Among the Saltmarsh Cordgrass along the trail and on the banks of the tidal creek there, a visitor will find thousands and thousands of Atlantic Marsh Fiddler Crabs (Minuca pugnax).
Atlantic Marsh Fiddler Crabs and their extensive system of burrows help prevent the compaction of tidal soils and thus help maintain ideal conditions for the pure stands of Saltwater Cordgrass that trap sediments and sequester nutrients in coastal wetlands.
A male Atlantic Marsh Fiddler Crab peers from its den.
Herons and egrets including this Great Egret are quite fond of fiddler crabs. As the tide goes out, many will venture away from the freshwater pools into the salt marshes to find them.
A Green Heron seen just before descending into the cordgrass to find fiddler crabs for dinner.
A juvenile Clapper Rail (Rallus crepitans crepitans) emerges from the cover of the cordgrass along a tidal creek to search for a meal.
Glossy Ibis leave their high-tide hiding place in Shearness Pool to head out into the tidal marshes for the afternoon.
Great Black-backed Gulls, Herring Gulls, and possibly other species feed on the mudflats exposed by low tide in the marshes opposite Shearness Pool.
An Osprey patrols the vast tidal areas opposite Shearness Pool.
No visit to Bombay Hook is complete without at least a quick loop through the upland habitats at the far end of the tour route.
Indigo Buntings nest in areas of successional growth and yes, that is a Spotted Lanternfly on the grape vine at the far right side of the image.
Blue Grosbeaks (Passerina caerulea) are common nesting birds at Bombay Hook. This one was in shrubby growth along the dike at the north end of Shearness Pool.
These two native vines are widespread at Bombay Hook and are an excellent source of food for birds. The orange flowers of the Trumpet Vine are a hummingbird favorite and the Poison Ivy provides berries for numerous species of wintering birds.
The Pileated Woodpecker is one of the numerous birds that supplements its diet with Poison Ivy berries. The tree this individual is visiting is an American Sweetgum (Liquidambar styraciflua), a species native to the Atlantic Coastal Plain in Delaware. The seed balls are a favorite winter food of goldfinches and siskins.
Finis Pool has no frontage on the tidal marsh but is still worth a visit. It lies along a spur road on the tour route and is located within a deciduous coastal plain forest. Check the waters there for basking turtles like this giant Northern Red-bellied Cooter (Pseudemys rubiventris) and much smaller Painted Turtle.
The White-tailed Deity is common along the road to Finis Pool.
Fowler’s Toads (Anaxyrus fowleri) breed in the vernal ponds found in the vicinity of Finis Pool and elsewhere throughout the refuge.
The National Wildlife Refuge System not only protects animal species, it sustains rare and unusual plants as well. This beauty is a Turk’s Cap Lily (Lilium superbum), a native wildflower of wet woods and swamps.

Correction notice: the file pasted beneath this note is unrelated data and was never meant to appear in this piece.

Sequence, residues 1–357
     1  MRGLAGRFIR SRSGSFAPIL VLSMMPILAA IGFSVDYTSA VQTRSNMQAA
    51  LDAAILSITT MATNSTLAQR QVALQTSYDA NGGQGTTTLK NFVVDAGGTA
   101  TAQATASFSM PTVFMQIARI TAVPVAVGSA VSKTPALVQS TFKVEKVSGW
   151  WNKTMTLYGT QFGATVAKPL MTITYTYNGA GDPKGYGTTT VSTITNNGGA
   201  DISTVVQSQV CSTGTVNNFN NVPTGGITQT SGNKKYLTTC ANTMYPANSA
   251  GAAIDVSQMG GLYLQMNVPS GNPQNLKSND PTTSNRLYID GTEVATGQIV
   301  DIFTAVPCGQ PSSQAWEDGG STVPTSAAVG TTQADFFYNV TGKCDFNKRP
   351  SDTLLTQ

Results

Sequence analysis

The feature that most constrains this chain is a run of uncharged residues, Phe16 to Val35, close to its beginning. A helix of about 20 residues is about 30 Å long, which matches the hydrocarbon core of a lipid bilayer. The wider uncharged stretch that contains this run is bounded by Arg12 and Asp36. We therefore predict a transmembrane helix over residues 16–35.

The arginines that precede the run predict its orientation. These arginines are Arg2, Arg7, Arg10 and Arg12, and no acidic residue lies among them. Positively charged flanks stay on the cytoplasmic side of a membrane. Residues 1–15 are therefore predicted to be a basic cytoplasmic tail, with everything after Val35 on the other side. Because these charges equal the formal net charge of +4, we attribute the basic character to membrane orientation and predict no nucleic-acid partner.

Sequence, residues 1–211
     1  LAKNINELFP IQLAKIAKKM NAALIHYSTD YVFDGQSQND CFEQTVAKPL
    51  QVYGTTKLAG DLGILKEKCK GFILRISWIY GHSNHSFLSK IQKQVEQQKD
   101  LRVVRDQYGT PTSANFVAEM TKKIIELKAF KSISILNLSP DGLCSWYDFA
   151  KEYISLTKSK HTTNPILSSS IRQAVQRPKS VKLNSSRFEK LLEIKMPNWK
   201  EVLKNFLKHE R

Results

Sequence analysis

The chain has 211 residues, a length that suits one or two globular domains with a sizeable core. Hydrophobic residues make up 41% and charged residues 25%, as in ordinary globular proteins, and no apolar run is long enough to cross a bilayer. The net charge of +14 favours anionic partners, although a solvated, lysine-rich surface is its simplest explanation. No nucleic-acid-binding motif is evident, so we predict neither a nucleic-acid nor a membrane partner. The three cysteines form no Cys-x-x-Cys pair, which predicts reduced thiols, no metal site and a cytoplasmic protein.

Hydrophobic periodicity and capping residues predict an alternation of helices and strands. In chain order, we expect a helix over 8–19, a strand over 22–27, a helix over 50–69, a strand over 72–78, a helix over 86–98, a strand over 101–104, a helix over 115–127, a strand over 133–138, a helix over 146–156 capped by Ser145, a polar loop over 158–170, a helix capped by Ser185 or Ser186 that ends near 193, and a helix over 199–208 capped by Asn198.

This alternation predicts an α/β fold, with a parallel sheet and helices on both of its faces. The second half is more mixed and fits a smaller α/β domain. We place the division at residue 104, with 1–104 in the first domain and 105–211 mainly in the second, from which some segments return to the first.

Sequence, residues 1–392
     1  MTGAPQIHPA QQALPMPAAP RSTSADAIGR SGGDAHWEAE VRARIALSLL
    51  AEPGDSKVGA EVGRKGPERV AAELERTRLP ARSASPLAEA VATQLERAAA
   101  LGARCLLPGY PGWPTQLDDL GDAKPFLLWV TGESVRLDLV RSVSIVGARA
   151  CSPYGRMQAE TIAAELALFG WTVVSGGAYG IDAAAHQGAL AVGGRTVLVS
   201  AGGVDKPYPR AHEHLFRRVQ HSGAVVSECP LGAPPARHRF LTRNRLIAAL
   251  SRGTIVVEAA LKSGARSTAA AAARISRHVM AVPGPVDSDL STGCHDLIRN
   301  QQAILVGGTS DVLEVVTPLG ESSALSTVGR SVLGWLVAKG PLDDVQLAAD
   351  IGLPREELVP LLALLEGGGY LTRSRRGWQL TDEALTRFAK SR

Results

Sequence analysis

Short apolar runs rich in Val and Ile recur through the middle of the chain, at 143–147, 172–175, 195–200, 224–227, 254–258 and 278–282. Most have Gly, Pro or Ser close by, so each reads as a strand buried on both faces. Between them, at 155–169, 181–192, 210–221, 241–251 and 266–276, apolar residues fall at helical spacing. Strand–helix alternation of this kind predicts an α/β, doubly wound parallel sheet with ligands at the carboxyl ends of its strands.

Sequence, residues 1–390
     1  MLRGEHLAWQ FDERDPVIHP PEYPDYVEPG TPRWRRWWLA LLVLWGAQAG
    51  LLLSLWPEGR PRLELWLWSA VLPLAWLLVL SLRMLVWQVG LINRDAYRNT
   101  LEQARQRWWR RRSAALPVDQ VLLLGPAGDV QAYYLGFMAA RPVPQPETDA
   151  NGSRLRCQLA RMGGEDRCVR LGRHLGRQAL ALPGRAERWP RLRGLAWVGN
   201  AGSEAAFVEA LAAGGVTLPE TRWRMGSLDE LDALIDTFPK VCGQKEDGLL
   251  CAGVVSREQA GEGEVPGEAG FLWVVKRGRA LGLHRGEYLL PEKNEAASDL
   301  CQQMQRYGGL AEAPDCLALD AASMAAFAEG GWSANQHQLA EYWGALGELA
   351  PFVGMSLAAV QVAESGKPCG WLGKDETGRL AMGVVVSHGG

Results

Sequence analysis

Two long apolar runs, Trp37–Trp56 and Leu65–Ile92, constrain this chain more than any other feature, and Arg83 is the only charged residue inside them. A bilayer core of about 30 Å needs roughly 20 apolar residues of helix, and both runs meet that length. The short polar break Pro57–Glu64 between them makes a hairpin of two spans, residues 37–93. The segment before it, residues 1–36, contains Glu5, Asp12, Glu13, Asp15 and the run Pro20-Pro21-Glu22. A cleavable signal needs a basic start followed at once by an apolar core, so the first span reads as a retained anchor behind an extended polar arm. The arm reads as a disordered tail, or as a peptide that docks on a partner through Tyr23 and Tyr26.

Just as quail led us into the refuge this morning, this Wild Turkey did us the courtesy of leading us to the way out in the afternoon.
We hope you’ve been convinced to visit Bombay Hook National Wildlife Refuge sometime soon. And we hope too that you’ll help fund additional conservation acquisitions and improvements by visiting your local post office and buying a Federal Duck Stamp.
For those of you who dare to shed that filthy contaminated rag you’ve been told to breathe through so that you might instead get out and enjoy some clean air in a cherished place of solitude, here’s what’s around—go have a look.
Northern Flickers have arrived. Look for them anywhere there are mature trees. Despite the fact that flickers are woodpeckers, they often feed on the ground. You’ll notice the white rump and yellow wing linings when they fly away.
The tiny Chipping Sparrow frequently nests in small trees in suburban gardens. Lay off the lawn treatments to assure their success.
Field Sparrows (Spizella fusilla) are a breeding species in abandoned fields where successional growth is underway.
White-throated Sparrows spend the winter in the lower Susquehanna valley. Their numbers are increasing now as waves of migrants pass through on their way north.
Northbound flocks of Rusty Blackbirds (Euphagus carolinus) are currently found feeding in forest swamps along the Susquehanna. Their noisy calls sound like a chorus of squeaking hinges.
Migratory Red-shouldered Hawks are also making feeding stops at area wetlands.
The Palm Warbler (Setophaga palmarum) is easily identified by its tail pumping behavior. Look for it in shrubs along the river shoreline or near lakes and streams. Palm Warblers are among the earliest of the warblers to move through in the spring.
The springtime show on the water continues…
Common Loons will continue migrating through the area during the upcoming month.
Buffleheads are still transiting the watershed.
Horned Grebes are occurring on the river and on local lakes.
Seeing these one-year-old male Hooded Mergansers, the bachelors, wandering around without any adult males or females is a good sign. The adults should have moved on to the breeding grounds and local pairs should be well into a nesting cycle by now. Hatching could occur any day.
Like Hooded Mergansers, Wood Ducks are cavity nesters, but their egg laying, incubation, and hatching often occurs a month or more later than that of the hoodies. Judging by the attentiveness of the drake, this pair of woodies is probably in the egg-laying stage of its breeding cycle right now.
Redheads (Aythya americana) are stopping for a rest on their way north.
In spring, Double-crested Cormorants proceed up the river in goose-like flocks with adult birds like these leading the way.
Hey, what are those showy flowers?
That’s Lesser Celandine (Ficaria verna). It’s often called Fig Buttercup. In early April it blankets stream banks throughout the lower Susquehanna region. If you don’t remember seeing it growing like that when you were younger, there’s a reason. Lesser Celandine is an escape from cultivation that has become invasive. While the appearance is tolerable; it’s the palatability that ruins everything. It’s poisonous if eaten by people or livestock.
The Eastern Spring Beauty (Claytonia virginica) is a dainty native wildflower of riparian forests and other woodlands throughout the lower Susquehanna valley.
The Trout Lily (Erythronium americanum) is beginning to bloom now. It’s a native of the region’s damp forests.
Virginia Bluebells (Mertensia virginica) is not native to the Susquehanna watershed, but neither is it considered invasive. It creates colorful patches in riparian forests.
Dutchman’s Breeches (Dicentra cucullaria) is a strikingly beautiful native wildflower that grows on undisturbed forested slopes throughout the Susquehanna valley.
Wasn’t that refreshing? Now go take a walk.